Dos and Don’ts of Dialogue
Dos and Don'ts of Dialogue
What to do (and not do) in your characters' conversations
by Jamie K. Schmidt
January 28, 2020
As a final check through your dialogue, a good idea is to give a scene to two friends and have them read a different character as if they were performing it as a play. Hearing your words this way serves two purposes. You can see how other people, who aren’t familiar with how you meant the dialogue to sound, interpret your word choice and sentence structure. You will also see how the words flow, and if it sounds awkward or stilted. Take notes about what works and what didn’t work and apply it to the other dialog scenes in the book—unless you’re lucky to have friends who want to act out your entire book.
While you’re listening, keep this checklist of dos and don’ts in mind.
DON’T waste your readers time with small talk. Cut to the chase.
DON’T have your characters speak in paragraphs. Keep it to a few sentences.
DON’T drop in large chunks of backstory. Hint at it or keep it to a few words.
DON’T explain things to the reader in dialogue that the other character should know.
“As you know, Bob, we’ve been trying to keep the factory going after dad’s death and profits have been steadily decreasing.”
DON’T overuse throwaway words like look, okay, oh, etc. If you can get away with deleting words like that, cut them out of the narrative. It slows down the pacing.
DON’T tell the reader emotion in dialogue. “I’m sad/I’m angry/I’m happy” does nothing. Make your readers feel the emotions your characters are feeling. You can show them the emotion by having your characters cry, clench their fist, grind their teeth, or smile. It’s the best if your words can transform the reader into your character so they feel it. In this example from the Shawshank Redemption, which was a movie based on a short story by Stephen King, the emotions we feel are excitement and hope when we hear Red say, “I can barely sit still or hold a thought in my head. I think it's the excitement only a free man can feel, a free man at the start of a long journey whose conclusion is uncertain. I hope I can make it across the border. I hope to see my friend and shake his hand. I hope the Pacific is as blue as it has been in my dreams. I hope.”
DO listen for cadence in the back and forth exchange. Good dialogue is very much like poetry. Not in that it’s supposed to have rhyme and meter, but that there is a rhythm and structure to it.
DO confirm that your character is speaking in a consistent/appropriate manner. Your six-year-old character shouldn’t use college level words unless they’re a prodigy. Your gruff loner isn’t going to be chatty all of a sudden, unless something world-shifting happened to him.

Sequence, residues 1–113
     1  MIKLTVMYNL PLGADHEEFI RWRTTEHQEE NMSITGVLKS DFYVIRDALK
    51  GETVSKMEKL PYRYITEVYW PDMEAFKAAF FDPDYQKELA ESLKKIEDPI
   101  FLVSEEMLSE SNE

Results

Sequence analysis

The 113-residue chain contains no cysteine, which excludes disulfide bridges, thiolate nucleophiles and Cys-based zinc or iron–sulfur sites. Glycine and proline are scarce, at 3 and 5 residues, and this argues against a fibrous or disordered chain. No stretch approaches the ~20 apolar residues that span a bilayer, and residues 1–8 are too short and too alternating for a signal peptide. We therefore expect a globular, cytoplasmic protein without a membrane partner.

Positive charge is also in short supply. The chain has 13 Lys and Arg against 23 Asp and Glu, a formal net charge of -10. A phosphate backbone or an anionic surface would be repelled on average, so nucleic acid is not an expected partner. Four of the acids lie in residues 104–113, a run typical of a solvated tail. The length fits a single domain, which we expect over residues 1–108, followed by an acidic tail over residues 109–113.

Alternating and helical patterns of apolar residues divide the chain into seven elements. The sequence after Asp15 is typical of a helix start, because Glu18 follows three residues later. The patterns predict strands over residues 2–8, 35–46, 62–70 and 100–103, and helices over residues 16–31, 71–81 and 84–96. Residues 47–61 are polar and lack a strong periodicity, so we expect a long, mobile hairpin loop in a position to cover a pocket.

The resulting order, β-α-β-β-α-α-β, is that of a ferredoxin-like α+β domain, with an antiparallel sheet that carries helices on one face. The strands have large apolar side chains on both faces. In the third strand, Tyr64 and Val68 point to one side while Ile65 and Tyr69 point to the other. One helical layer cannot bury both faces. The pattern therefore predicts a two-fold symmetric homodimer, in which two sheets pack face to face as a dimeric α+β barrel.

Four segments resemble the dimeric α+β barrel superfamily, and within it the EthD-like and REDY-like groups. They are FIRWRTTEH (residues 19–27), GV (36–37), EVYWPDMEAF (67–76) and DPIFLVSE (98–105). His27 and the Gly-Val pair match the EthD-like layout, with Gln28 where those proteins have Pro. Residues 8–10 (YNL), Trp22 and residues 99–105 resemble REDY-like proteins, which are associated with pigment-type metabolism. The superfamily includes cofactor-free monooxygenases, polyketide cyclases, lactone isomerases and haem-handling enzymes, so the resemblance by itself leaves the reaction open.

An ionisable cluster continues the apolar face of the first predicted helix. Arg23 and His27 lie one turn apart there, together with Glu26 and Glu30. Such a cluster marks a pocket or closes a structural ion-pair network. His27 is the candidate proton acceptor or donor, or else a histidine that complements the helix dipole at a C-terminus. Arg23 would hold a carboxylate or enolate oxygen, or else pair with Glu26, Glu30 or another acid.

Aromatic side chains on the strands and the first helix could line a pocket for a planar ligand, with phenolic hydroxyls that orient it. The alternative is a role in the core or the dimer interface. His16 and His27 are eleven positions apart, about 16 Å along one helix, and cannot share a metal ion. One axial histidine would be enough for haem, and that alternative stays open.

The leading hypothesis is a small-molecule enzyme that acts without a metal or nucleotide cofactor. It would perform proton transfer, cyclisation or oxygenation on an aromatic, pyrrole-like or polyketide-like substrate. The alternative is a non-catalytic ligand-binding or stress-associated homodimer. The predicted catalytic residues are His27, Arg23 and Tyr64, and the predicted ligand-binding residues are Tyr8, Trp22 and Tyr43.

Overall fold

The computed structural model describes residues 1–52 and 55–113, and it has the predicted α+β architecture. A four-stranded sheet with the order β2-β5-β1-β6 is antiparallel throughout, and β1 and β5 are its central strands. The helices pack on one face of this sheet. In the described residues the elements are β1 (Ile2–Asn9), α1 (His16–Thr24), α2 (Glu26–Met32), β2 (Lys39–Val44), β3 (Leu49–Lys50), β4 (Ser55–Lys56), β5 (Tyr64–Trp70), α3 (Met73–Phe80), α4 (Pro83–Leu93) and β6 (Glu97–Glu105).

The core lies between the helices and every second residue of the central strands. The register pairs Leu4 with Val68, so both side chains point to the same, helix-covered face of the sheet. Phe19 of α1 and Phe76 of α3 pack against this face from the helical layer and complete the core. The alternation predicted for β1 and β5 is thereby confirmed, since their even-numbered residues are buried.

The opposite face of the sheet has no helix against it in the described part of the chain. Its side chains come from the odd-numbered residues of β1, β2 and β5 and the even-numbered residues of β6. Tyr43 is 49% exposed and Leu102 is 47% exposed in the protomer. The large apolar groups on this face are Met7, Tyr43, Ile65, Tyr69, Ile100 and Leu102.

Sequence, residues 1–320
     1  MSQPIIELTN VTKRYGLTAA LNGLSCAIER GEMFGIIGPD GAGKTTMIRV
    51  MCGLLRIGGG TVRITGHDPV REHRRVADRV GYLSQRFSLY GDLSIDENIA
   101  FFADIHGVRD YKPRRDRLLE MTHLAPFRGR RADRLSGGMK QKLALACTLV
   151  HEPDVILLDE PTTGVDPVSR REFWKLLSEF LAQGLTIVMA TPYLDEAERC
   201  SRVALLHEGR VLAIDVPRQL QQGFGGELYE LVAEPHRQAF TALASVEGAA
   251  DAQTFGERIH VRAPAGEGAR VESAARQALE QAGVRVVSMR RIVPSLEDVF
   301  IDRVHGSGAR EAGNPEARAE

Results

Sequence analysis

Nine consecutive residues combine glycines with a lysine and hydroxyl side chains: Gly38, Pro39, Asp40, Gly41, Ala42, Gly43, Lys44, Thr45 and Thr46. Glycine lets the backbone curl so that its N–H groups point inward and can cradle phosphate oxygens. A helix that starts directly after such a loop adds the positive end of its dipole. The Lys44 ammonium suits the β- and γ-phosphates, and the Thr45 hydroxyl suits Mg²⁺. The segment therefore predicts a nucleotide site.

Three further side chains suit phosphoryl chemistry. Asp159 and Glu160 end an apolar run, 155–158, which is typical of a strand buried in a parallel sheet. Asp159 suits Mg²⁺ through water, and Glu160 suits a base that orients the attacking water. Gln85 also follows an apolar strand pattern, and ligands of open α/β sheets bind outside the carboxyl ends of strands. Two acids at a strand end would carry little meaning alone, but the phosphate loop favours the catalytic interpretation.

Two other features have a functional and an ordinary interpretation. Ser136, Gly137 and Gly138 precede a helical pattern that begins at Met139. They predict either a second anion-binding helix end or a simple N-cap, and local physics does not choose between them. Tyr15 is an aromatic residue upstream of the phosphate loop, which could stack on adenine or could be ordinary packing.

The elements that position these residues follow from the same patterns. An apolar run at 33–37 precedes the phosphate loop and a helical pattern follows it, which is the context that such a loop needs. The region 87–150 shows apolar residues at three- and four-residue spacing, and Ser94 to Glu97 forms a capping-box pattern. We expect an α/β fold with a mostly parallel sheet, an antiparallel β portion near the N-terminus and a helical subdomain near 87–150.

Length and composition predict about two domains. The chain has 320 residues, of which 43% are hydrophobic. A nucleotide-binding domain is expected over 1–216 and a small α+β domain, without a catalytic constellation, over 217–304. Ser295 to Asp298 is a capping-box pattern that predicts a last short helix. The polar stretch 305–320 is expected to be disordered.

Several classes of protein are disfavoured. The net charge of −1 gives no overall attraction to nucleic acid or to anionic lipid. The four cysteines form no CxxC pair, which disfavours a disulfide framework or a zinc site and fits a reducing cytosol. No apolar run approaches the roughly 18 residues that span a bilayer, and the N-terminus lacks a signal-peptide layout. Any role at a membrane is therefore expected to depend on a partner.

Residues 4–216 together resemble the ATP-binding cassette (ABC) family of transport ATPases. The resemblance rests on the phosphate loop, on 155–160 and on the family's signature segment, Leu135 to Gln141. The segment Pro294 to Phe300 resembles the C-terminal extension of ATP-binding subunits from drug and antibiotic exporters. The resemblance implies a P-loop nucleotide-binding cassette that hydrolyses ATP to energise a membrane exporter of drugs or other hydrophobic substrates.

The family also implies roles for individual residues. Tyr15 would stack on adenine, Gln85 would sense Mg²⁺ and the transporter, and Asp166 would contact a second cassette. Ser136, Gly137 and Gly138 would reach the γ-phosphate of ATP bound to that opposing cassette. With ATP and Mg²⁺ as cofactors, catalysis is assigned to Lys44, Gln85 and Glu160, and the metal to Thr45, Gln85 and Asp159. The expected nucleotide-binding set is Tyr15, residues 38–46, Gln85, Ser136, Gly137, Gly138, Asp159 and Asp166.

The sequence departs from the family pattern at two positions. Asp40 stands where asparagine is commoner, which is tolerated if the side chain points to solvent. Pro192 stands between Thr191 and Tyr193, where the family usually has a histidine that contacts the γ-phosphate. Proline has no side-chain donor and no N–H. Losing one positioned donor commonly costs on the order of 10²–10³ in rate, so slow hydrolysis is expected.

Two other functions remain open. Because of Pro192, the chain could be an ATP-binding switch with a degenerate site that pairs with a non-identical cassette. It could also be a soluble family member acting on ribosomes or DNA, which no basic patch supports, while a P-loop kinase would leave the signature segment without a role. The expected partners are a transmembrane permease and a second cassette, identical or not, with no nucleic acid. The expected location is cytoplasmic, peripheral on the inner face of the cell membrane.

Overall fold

DO make sure you layer meaning into your conversation and that the dialogue serves more than one purpose, if possible. What are they really saying to each other in the subtext? Is one character hiding something from the other? How do the characters feel about each other? All of this should be apparent in the phrases they use as well as how the lines are delivered.
DO remove unnecessary dialog tags. Not every line of dialogue has to be attributed to someone, especially if there are only two people talking.
DO make sure your characters have something unique about them so it’s obvious when they are talking. Does one character speak in gruff, one-word sentences? Is another character sarcastic and never takes anything seriously? Or is the main character always upbeat?
DO break up the dialogue with action. When a director is directing a play there is something called “blocking” which happens between the dialogue. Basically, it’s telling the actor to do something whether it’s moving upstage or picking up a prop. They do this either while they’re delivering their lines or before or after they speak. Writing a scene with dialogue uses blocking the same way. This is from my book, The Cowboy’s Daughter. Note that in between their conversation, Kelly is reacting to what’s going on.
“Remember me?” Trent whispered into her ear, as they swayed to the jukebox.
Kelly forced down a hysterical giggle. Only every time I look into your daughter’s eyes. “Yeah, I seem to recall seeing you around here a few times.” He smelled like expensive cologne and she wanted to burrow her face in his chest and lick every inch of him. She hoped that was the liquor talking, but she had a notion that she’d be feeling the same way even without the tequila.
“My name is Trent Campbell.” He held her tight against him. It was getting hard to think straight. It felt so good to be in his arms, like she could let go of every problem and he’d take care of them for her.
“I know. I was just teasing,” she said, catching her breath when he nuzzled her cheek.
When you’re done listening to your dialogue and checking off these dos and don’ts, the final thing to do is make sure it flows well with the rest of the narrative. Don’t be afraid to cut anything that sounds awkward. It will make the scene and your writing stronger.
USA Today bestselling author, Jamie K. Schmidt, writes erotic contemporary love stories and paranormal romances. Her steamy, romantic comedy, Life’s a Beach, reached #65 on USA Today, #2 on Barnes & Noble and #9 on Amazon and iBooks. Her Club Inferno series from Random House’s Loveswept line has hit both the Amazon and Barnes & Noble top one hundred lists. The first book in the series, Heat, put her on the USA Today bestseller list for the first time, and is a #1 Amazon bestseller. Her book Stud is a 2018 Romance Writers of America Rita® Finalist in Erotica. Her dragon paranormal romance series has been called “fun and quirky” and “endearing.” Partnered with New York Times bestselling author and actress, Jenna Jameson, Jamie’s hardcover debut, SPICE, continues Jenna’s FATE trilogy.
Are you ready to start writing your book? Let us help! Show the Institute for Writers a sample of your work here.